When I practice I try to cover all kinds of techniques like bow playing, scale exercises, improvisation, and drumming, and can very easily spend all day focusing on that. The longest practice session I have had was 13 hours!
We love that you’ve essentially created a new musical genre, “Solo Bass, No Band Needed.” Did that notion evolve over time, or was there an “aha” moment where you realized, ”Hey, I can do this all by myself”?
Ezra: The thing that drew me most to play this kind of solo bass style is actually the other instruments I play. I used to play solo pieces both for the guitar and piano and really enjoyed all the harmonic and polyphonic options they have, so it was very natural for me to bring this to the bass.
One other thing that helped me was to play Bach's cello suites on the bass. Bach, in my opinion, is the best teacher for solo playing; he is a master of giving a full range of composition just with one melodic instrument. At the age of 22, I was asked by a singer with whom I played to play a solo piece before he introduced me on stage. It was the first time I had completed a solo piece for the bass and it just opened the way for more.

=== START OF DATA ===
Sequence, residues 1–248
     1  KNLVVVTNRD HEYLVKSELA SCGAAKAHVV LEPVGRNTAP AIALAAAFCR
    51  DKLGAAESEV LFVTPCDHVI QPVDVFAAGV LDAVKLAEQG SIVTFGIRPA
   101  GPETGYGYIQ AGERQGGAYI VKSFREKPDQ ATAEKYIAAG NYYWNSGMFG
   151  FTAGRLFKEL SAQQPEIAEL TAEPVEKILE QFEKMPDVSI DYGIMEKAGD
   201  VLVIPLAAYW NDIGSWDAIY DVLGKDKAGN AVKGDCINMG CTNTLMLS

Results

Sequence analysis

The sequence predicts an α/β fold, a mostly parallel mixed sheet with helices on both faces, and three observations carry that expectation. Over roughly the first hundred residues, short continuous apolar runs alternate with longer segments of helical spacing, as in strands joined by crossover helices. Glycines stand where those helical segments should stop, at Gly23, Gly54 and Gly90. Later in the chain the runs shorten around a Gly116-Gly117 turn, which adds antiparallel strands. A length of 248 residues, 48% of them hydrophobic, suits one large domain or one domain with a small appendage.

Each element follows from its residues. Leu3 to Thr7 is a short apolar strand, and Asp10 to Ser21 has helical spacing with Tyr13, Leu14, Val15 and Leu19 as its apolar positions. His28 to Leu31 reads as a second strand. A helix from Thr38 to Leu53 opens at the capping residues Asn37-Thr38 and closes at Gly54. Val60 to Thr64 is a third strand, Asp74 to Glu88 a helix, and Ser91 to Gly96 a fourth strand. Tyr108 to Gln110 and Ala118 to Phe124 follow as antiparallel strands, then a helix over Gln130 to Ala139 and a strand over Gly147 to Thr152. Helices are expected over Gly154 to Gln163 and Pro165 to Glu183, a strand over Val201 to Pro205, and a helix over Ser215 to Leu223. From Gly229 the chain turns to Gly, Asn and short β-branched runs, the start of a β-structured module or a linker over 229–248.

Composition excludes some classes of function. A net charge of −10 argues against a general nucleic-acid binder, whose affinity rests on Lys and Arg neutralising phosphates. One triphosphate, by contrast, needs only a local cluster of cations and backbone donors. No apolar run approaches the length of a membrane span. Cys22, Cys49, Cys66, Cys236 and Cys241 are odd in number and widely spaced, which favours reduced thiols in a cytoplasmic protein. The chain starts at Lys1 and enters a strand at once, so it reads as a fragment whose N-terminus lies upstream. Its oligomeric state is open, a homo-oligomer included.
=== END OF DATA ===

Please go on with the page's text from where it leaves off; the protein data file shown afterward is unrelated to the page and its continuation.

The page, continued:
This piece is an arrangement for "Black Orpheus" and it's also my first YouTube video.
You are a naturally gifted multi-instrumentalist. What does formal training give you that “The Gift” doesn’t?
Ezra: I think that being a multi-instrumentalist is mostly a matter of practice and devotion. If you are talented to play one instrument there is no reason that you cannot play other instruments in addition. I do have a natural tendency to teach myself but it comes with lots and lots of practice and dedication!